Capitalism and Greed, Capitalism vs. the Climate., Climate change, Coronavirus (COVID-19), Distribution of wealth, Extinction, Global warming, Post-Covid-19, The Future of Mankind, World aid commission
( Fifteen-minute read)
When I first started looking at disaster capitalism, it was in the context of warfare and counter-terrorism, now it’s privatized exploitation of Pandemics and Climate Change.
During a major crisis, regular people are understandably focused on the everyday challenges of surviving. They rarely can also worry about private industries pushing local policy proposals that might negatively impact their lives never mind cashing in on Pandemics and Climate change.
Pandemics might be avoidable in the future but what is unavoidable is a Future Climate that stands to send more unprecedented emergencies, inconsistency, and destruction our way.
(Though it’s still feasible to prevent the planet from becoming completely uninhabitable, saying its crunch time is a massive understatement.)
They both provide the very conditions that give rise to disaster capitalism, which is developing more frequently with more companies and wealthy ‘Philanthropists’ seeing both as a growth sector, not to mention Sovernity Wealth Funds which are investing in everything from drinking water to you name it.
Because they stand to make substantial financial returns for their beneficiaries and if managed properly could be contributing to sustainable development in a meaningful way. However, a deeper understanding of the drivers and influences of investor organizations is required to mobilize their capital effectively.
Globally, sovereign wealth funds (SWFs) are a major source of capital that has the potential to invest for the long term in sectors that desperately need it. While Philanthropists donations usually only represent 0.05% of the billion accumulated.
(A fraction of the spoils of neoliberal tech capitalism, in the name of generosity, do not try to address the problems of wealth inequality which is created by a social and an economic system that allowed those spoils to accrue in the first place. They are small contributions to a large problem that were created by the success of the industry he or she is involved in.)
Let’s put a magnifying Glass Philanthrocapitalism.
Philanthropy serves to legitimize capitalism, as well as to extend it further and further into all domains of social, cultural, and political activity.
Now don’t get me wrong.
Their donations are welcome, however, they are not the simple act of generosity they pretend to be. In this greedy world, it is good to see wealthy individuals repaying to help fix problems that their companies have often caused in the first place.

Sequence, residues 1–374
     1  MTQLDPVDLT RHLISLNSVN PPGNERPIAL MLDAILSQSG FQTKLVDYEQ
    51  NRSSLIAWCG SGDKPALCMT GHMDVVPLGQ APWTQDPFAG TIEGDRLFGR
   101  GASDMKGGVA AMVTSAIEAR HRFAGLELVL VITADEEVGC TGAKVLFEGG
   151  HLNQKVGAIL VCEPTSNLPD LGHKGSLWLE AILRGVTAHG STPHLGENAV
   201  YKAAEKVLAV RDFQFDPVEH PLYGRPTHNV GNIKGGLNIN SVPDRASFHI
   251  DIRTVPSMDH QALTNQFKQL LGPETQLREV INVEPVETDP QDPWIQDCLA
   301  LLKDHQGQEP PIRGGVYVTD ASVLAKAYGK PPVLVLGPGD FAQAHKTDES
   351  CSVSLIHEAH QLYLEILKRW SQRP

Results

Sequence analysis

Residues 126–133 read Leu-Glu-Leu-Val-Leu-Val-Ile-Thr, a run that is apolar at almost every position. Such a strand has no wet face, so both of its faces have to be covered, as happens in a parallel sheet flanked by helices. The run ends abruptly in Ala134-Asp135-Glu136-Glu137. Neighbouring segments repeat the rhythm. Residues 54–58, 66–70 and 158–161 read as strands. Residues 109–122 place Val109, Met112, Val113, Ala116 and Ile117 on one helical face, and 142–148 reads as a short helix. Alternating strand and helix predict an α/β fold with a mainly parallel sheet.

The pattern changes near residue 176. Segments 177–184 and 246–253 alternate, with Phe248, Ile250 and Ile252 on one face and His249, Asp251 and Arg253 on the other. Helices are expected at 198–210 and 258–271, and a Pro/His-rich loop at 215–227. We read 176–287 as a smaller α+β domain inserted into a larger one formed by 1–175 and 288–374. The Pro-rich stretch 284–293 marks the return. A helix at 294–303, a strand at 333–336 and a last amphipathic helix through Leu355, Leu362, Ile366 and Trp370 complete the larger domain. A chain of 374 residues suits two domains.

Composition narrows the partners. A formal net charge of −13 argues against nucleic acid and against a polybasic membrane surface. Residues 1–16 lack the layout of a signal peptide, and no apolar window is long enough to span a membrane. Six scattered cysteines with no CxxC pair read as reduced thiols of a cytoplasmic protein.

The risk of philanthrocapitalism is a takeover of charity by business interests, such that generosity to others is appropriated into the overarching dominance of the CEO model of society and its corporate institutions.
Today, large organizations can amass significant economic and political power, on a global scale, and essentially, what we are witnessing is the transfer of responsibility for public goods and services from democratic institutions to the wealthy, to be administered by an executive class.
When this happens what we witness is, on one hand, is exploitative of labor practices or corporate malpractice being swept under the carpet while the donator is accruing significant commercial, tax, free publicity, and political benefits.
Democracy is sacrificed on that altar of executive-style empowerment.
The nature of this apparent charity should be openly questioned from the outset.
Because this reformulation of generosity – in which it is no longer considered incompatible with control and self-interest – is a hallmark of the “CEO society”: A society where the values associated with corporate leadership are applied to all dimensions of human endeavor.
What it does suggest, however, is that when it comes to giving, the CEO approach is one in which there is no apparent incompatibility between being generous, seeking to retain control over what is given, and the expectation of reaping benefits in return.
What can be done?
As historian Mikkel Thorup explains, philanthrocapitalism rests on the claim that “capitalist mechanisms are superior to all others (especially the state) when it comes to not only creating economic but also human progress, and that the market and market actors are or should be made the prime creators of the good society”.
Now take Climate change which is going to take trillions to combat.
As global warming augments cycles of fire, flood, hurricanes, and viral mutations, we learn to live in anticipation, from emergency to emergency, sometimes even before the deaths have occurred.
Disaster capitalism and philanthrocapitalism will not work to revert the outcomes of Climate Change nor will technology, the unloving God.